Gm: Volt To Get 230 Mpg In City

Highway Mileage Probably Would Be Lower For Hybrid

August 12, 2009|By Martin Zimmerman | Martin Zimmerman,Tribune Newspapers

General Motors Co. said Tuesday that its long-awaited Chevrolet Volt plug-in hybrid is expected to achieve fuel economy of 230 miles per gallon in city driving.

That would give the Volt, which is expected to arrive in showrooms late next year, by far the highest fuel efficiency rating of any car rated by the Environmental Protection Agency. The current EPA mileage leader is the Toyota Prius hybrid, which is rated at 50 mpg in combined city-highway driving.

The Volt is designed to run on electric power only for about 40 miles, after which a small gasoline engine kicks in to recharge the battery, giving it a range of more than 300 miles. The battery can be recharged by plugging into a home outlet.

GM's estimated mileage rating for the Volt is based on city driving. Highway mileage probably would be lower because it would require more work from the gasoline engine.

"From the data we've seen, many Chevy Volt drivers may be able to be in pure electric mode on a daily basis without having to use any gas," GM Chief Executive Fritz Henderson said. "EPA labels are a yardstick for customers to compare the fuel efficiency of vehicles. So, a vehicle like the Volt that achieves a composite triple-digit fuel economy is a game-changer."

The carmaker's fuel economy estimates must be confirmed by the EPA, which is developing a new method for calculating fuel economy ratings for cars that can go significant distances powered only by electricity. GM said it used the EPA's preliminary guidelines in developing its mileage estimates for the Volt.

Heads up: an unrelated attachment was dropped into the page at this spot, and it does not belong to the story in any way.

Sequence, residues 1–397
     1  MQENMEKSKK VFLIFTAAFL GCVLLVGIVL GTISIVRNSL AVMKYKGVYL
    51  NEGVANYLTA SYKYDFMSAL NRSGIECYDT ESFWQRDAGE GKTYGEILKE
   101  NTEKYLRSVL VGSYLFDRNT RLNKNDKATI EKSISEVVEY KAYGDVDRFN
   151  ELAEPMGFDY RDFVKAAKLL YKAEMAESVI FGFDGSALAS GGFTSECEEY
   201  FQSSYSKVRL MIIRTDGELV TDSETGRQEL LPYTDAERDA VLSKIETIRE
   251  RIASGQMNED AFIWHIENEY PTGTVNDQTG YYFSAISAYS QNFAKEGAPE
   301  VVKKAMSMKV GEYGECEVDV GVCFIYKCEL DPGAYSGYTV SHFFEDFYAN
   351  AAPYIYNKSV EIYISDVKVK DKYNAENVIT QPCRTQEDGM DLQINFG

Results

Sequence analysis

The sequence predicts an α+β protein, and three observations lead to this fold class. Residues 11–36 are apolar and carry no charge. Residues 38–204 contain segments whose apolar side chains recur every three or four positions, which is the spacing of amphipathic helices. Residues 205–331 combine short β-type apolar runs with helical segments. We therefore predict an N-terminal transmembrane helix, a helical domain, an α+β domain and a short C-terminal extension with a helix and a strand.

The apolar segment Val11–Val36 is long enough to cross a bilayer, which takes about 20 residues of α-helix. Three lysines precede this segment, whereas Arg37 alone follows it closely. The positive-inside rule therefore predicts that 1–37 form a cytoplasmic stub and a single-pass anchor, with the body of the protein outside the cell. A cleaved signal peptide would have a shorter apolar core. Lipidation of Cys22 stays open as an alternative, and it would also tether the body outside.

The Volt's best fuel economy will be achieved in city driving, where it can take full advantage of its all-electric capability. GM said it has calculated a highway mileage estimate but didn't release the figure. The automaker said it was confident the Volt's combined city-highway fuel economy "will be in the triple digits."

Electric vehicle proponents, though encouraged by the Volt's preliminary numbers, cautioned GM not to overstate the car's capabilities.

"The phrase 'Your mileage may vary' is particularly true with plug-in hybrids because how you drive will have a significant impact on how much gasoline the vehicle consumes," said Jim Kliesch, a senior engineer with the Union of Concerned Scientists. "It would be a real shame if such a promising technology got a bad rap because they raised expectations too high."

The company said it had produced about 30 Volts and was making 10 a week at its facility in Warren, Mich. GM is expected to announce this week that the Volt's nearly 400-pound lithium-ion battery will be assembled at a plant in the Detroit area. The production version car will be built at GM's Detroit-Hamtramck assembly plant.

As the pre-production vehicles are road-tested, estimates of their all-electric range and fuel economy rating could change. Volts are being road-tested in Yuma, Ariz., to gauge their performance in hot weather.

Though GM has not released pricing information, industry analysts estimate the Volt will list for about $40,000. GM spokesman Rob Peterson said owners would be eligible for the $7,500 federal tax credit on electric vehicles.

Other automakers, including Chrysler, Nissan, Ford and Toyota, are working on plug-in hybrids or all-electric vehicles that are expected to reach the market in the next few years.

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